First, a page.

Correct spelling is still important. The National Commission on Writing for America’s Families, Schools, and Colleges (2005) reported that 80 percent of the time an employment application is doomed if it is poorly written or poorly spelled. Here are other examples of situations where spelling is important:
And even though word processing software includes spell checkers, students still need to become proficient spellers.
Since the advent of word processing and spell checkers, some have argued that spelling instruction is no longer all that important. But spell checkers do not catch all errors. One study (Montgomery, Karlan, and Courtinho, 2001) reported that spell checkers usually catch just 30 to 80 percent of misspellings overall, partly because they miss homophone errors. A spell checker would find no errors in this sentence: “To miles is two far too go.”
Another problem is that students who are very poor spellers do not produce the close approximations of target words necessary for the spell checker to suggest the right word.
Research has shown that learning to spell and learning to read rely on much of the same underlying knowledge—such as the relationships between letters and sounds—and, not surprisingly, that spelling instruction can be designed to help children better understand that key knowledge, resulting in better reading (Ehri, 2000).
Catherine Snow et al. (2005, p. 86) summarize the real importance of spelling for reading as follows: “Spelling and reading build and rely on the same mental representation of a word. Knowing the spelling of a word makes the representation of it sturdy and accessible for fluent reading.”
Research also bears out a strong relationship between spelling and writing: Writers who must think too hard about how to spell use up valuable cognitive resources needed for higher level aspects of composition (Singer and Bashir, 2004). Writing is a mental juggling act that depends on using basic skills with automaticity (e.g., handwriting, spelling, grammar, and punctuation) so that the writer can focus on topic, organization, word choice, and audience needs. Poor spellers may restrict what they write to words they can spell, with inevitable loss of verbal power, or they may lose track of their thoughts when they get stuck trying to spell a word.
The National Reading Panel Report (2000) did not include spelling as one of the five essential components of comprehensive literacy instruction. The report implied that phonemic awareness and phonics instruction had a positive effect on spelling in the primary grades and that spelling continues to develop in response to appropriate reading instruction.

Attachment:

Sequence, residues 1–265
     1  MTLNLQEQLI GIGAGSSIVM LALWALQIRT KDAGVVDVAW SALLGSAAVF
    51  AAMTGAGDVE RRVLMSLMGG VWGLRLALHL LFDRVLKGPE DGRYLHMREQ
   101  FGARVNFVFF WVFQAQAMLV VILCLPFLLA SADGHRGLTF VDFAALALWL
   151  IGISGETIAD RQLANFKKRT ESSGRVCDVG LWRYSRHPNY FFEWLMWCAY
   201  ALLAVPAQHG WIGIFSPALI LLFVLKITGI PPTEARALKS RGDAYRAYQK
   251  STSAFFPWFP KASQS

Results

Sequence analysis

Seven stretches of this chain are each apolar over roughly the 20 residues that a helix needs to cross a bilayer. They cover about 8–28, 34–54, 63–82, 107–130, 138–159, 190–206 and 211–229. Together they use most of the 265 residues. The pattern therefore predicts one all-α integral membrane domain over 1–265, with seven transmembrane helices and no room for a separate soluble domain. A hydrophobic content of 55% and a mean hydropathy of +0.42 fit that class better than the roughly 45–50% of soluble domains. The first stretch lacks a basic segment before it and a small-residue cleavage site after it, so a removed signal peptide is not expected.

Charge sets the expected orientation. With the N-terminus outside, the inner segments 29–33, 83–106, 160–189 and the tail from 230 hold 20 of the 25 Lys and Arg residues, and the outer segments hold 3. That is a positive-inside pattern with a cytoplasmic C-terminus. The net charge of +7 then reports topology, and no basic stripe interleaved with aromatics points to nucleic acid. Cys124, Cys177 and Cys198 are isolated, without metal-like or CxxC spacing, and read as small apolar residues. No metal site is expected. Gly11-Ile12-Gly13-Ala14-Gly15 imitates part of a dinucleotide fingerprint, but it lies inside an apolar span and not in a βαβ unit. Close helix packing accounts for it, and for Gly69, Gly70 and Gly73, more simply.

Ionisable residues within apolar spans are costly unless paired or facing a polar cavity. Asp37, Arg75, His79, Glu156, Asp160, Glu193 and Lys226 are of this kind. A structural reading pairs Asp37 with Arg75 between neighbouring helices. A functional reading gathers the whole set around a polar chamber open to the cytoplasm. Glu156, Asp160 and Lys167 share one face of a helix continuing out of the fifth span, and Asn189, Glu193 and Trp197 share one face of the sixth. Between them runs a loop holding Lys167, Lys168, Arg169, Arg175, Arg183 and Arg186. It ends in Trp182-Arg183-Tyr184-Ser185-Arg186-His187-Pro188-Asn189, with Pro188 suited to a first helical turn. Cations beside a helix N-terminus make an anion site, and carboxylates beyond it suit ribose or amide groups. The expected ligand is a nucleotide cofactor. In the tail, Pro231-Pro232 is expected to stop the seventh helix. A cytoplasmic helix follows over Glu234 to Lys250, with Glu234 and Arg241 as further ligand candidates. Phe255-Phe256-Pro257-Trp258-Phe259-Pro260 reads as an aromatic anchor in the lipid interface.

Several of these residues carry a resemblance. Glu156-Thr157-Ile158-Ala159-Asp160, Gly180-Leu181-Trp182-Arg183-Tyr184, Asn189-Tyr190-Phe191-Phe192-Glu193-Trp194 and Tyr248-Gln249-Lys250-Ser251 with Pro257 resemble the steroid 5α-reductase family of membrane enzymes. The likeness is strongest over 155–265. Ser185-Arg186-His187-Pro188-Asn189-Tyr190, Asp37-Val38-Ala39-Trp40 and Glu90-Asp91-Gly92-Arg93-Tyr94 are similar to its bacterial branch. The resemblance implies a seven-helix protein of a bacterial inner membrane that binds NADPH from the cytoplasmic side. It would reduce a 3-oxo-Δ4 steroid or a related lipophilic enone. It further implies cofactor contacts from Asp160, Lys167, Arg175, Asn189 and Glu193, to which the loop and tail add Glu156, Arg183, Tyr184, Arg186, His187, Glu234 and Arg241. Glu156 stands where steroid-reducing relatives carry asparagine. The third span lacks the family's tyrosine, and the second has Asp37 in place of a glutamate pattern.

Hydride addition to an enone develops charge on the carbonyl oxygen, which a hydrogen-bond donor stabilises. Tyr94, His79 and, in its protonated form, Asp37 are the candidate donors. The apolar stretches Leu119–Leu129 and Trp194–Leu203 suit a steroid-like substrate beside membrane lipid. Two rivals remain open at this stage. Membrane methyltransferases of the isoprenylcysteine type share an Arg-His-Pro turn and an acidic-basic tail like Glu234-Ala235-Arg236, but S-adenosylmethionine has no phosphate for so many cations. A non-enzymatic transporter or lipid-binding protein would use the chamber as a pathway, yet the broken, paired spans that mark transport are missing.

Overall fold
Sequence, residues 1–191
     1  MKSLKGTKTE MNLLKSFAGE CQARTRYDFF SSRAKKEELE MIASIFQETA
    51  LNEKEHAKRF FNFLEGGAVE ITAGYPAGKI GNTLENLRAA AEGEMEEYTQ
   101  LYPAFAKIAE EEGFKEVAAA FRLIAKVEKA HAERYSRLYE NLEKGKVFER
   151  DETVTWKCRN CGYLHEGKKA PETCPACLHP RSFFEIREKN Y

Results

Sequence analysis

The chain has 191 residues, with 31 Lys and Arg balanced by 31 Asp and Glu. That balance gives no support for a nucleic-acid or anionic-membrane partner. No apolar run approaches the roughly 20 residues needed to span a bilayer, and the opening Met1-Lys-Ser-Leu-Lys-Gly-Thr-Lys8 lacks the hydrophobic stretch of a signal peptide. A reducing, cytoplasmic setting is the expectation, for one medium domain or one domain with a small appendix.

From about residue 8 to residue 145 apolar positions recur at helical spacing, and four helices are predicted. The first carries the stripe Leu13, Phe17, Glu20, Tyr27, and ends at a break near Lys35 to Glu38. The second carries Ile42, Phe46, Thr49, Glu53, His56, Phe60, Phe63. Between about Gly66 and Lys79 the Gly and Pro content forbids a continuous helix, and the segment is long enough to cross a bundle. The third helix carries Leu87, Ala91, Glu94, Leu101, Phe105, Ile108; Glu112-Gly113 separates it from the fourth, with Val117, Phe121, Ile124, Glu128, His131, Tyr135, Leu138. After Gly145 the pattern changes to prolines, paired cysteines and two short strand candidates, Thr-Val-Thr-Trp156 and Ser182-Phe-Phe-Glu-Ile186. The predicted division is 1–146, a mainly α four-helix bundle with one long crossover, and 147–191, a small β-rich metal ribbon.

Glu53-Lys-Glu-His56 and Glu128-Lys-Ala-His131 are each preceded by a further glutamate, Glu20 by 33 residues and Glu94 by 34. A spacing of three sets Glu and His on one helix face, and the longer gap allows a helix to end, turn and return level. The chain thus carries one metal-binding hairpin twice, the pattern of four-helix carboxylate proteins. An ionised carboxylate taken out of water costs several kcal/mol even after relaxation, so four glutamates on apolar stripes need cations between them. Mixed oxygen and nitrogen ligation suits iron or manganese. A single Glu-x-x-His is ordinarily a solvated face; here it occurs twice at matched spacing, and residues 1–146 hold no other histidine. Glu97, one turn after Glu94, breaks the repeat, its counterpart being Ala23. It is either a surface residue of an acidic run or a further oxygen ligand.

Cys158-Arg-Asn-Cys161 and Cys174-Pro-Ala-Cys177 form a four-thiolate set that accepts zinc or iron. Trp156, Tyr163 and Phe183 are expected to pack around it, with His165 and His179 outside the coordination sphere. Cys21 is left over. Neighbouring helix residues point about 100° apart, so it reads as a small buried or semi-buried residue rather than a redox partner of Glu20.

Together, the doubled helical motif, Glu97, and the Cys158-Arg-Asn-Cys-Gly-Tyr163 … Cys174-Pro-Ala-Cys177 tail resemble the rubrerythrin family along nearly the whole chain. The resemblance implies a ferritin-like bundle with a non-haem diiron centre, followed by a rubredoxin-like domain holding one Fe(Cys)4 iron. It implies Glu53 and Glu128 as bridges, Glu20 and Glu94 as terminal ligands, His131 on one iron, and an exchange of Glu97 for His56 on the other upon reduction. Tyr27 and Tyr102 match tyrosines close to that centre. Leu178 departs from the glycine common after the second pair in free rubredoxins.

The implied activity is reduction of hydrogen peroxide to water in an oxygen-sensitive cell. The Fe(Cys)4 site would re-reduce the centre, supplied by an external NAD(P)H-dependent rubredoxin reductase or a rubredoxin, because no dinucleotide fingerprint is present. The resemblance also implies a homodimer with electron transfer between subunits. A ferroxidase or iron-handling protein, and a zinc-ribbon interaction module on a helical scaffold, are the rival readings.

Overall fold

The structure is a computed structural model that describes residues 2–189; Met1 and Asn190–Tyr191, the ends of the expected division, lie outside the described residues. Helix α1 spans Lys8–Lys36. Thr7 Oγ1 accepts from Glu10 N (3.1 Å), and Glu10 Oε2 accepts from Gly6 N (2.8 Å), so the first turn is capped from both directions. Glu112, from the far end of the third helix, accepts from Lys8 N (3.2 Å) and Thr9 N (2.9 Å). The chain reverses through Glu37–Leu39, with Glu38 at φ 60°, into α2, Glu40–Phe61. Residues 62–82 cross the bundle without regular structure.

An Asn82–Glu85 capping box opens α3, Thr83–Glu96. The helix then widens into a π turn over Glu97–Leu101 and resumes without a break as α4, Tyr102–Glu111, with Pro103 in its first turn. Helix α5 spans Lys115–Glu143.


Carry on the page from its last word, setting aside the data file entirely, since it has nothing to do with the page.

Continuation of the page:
However, more recent research challenged at least part of the National Reading Panel’s assumption. In a longitudinal study, Scientific Studies of Reading (2005), a group of researchers found that, although students’ growth in passage comprehension remained close to average from first through fourth grade, their spelling scores dropped dramatically by third grade and continued to decline in fourth grade (Mehta, Foorman, Branum-Martin, & Taylor, 2005). Clearly, we should not assume that progress in reading will necessarily result in progress in spelling.
The spelling of words in English is more regular and pattern-based than commonly believed. About 50% of English words have regular spelling patterns. That means that the letters used to spell these words predictably represent their sound patterns. For example, the words bad, back, and bake all follow reliable, regular spelling patterns.
Another 37% have only one error if they are spelled on the basis of sound-symbol correspondences alone. Typically, that error would occur in spelling a vowel sound. The schwa sound is an example. If a student wants to spell the word temperature and knows that all vowels sometimes make the schwa sound (ə), that student knows that the sound alone will not help him to spell the word. The specific vowel needed for the third syllable in temperature must be learned in order to spell the word correctly.
The remaining 13% must be learned as irregular words (e.g., ocean), and many of these words could be spelled correctly if other information was taken into account, such as word meaning and word origin (Hanna, Hanna, Hodges, and Rudorf, 1966).